"Hannah Montana dominates the tween market," says Nadia Casarcia of La Senza Girl. "I saw the movie myself and we're definitely seeing a softer side of Miley. Even though there were two very different looks, she was more subdued. Maybe that's a reaction to some of the pressure she's faced in real life."

Miley Cyrus, who plays Hannah Montana, wore a very grown-up couture gown on the Oscars' red carpet this year, and has been criticized for appearing in Vanity Fair swathed only in a sheet, sparking controversy about her age and the amount of skin she was showing.

Fashion tends to go in cycles (hence why Madonna keeps changing her look). I think this new modest-look is simply a reaction to the overtly-sluttiness of the previous look being pushed on young teens.

So will this stick around? Maybe awhile, another year or two, but after that tweens will be older and moved on to something new.

Besides... aren't we forgetting something?

Miley Cyrus and her character Hannah Montana don't always dress the same... and Miley Cyrus is hardly the only female rolemodel out there that young women are emulating.

And then there's also feminists and their chance every summer to go topless and upset the religious wackos who think nudity is a sin. Or the opposite... there's young women going topless during Spring Break, etc...

So is America's young women becoming more modest? I think not. This is a quaint idea, but there's so much other stuff in the mass media and the internet now that young women really have a lot to choose from when it comes to deciding to dress like a madonna or a whore.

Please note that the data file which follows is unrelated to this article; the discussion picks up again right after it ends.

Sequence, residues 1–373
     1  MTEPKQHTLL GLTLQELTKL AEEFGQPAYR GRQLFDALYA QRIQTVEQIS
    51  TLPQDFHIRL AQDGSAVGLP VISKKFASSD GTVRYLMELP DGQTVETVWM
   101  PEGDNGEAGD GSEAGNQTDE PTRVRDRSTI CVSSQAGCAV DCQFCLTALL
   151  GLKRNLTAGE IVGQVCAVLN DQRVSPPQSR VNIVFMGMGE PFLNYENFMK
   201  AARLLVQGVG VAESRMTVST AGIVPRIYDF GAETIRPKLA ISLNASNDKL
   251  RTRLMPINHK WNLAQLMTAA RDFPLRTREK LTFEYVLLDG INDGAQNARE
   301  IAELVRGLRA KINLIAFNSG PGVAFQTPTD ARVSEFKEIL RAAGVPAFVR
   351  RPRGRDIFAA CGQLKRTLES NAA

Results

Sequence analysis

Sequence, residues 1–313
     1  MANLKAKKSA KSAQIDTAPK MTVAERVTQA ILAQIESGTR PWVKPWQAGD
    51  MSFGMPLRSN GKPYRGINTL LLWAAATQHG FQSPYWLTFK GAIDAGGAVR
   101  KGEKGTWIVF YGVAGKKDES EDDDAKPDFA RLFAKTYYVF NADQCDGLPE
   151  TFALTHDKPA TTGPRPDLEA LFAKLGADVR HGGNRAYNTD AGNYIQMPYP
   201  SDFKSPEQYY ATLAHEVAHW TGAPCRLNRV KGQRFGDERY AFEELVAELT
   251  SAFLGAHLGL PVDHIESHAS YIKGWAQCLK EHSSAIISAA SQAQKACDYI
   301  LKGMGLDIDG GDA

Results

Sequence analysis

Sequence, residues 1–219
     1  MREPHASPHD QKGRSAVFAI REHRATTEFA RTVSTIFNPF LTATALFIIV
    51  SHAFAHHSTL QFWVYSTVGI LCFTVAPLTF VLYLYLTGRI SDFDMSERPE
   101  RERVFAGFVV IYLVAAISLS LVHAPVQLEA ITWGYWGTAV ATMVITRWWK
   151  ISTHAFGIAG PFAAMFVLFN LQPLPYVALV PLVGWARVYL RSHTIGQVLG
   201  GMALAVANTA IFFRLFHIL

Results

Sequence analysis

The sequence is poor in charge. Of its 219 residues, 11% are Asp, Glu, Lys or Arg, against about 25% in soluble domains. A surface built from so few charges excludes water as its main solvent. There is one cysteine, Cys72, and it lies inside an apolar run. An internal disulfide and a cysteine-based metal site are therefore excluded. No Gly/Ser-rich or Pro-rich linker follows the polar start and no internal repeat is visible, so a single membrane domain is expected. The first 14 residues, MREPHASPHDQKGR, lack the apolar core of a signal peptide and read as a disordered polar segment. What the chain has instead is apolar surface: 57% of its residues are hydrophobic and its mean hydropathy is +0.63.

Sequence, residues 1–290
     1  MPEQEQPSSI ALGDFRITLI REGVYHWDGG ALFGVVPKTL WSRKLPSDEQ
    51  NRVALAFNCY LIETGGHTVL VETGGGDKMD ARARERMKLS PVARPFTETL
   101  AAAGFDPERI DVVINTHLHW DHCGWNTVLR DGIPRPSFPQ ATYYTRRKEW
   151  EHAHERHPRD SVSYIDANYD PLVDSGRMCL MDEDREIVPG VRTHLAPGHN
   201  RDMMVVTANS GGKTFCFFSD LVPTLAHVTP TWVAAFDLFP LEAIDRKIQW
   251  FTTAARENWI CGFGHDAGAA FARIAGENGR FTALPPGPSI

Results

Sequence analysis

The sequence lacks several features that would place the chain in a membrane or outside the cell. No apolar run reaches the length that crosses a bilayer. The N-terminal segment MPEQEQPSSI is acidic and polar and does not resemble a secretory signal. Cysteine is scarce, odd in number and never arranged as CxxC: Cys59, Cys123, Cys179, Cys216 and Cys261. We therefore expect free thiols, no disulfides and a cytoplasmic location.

Outrageous Clothes that I will never wear

FASHION - Call it my biggest fashion industry pet peeve... but what is with all the clothes that, admittedly, none of us would ever wear in public. Or in private for that matter.

In the olden days of fashion design there was this thing called the avant garde, which was meant to represent anything that was so outrageous it was... controversial.

The term is also used in art history, to describe artists like Jackson Pollock or Andy Warhol who did something nobody else had ever done before.

Except when you look at the clothes shown here, you realize, yes, that's probably been done before. Its not very... experimental. Its like they're trying to be avant garde, but really they don't have a clue what they are doing. (I've tried to show a variety of different faux avant garde styles here, so you get a broad idea of the kind of bullshit nonsense these designers are pushing.)

I admit some of the clothes does look pretty kewl, and I could see wearing some of them to a gothic club... but its difficult to imagine where I might wear any of the other pretentious avant garde crap they're pushing.

I don't know why the fashion magazines even bother to show these photos any more. Is it like what I am doing? Making fun of it? No, they show them, talk about the designers and are totally serious about it. Its like they haven't clued in to the simple fact that:

AVANT GARDE IS DEAD.

Even retired fashion designer Pierre Cardin says Haute Couture is dead. Haute couture is basically just another word for avant garde.

Let's imagine for a moment if someone actually wore some of these things in public...

You'd have to get used to the idea of people staring at you all the time. You'd just look like a complete freak (more so than the goths, punks and emos look like freaks).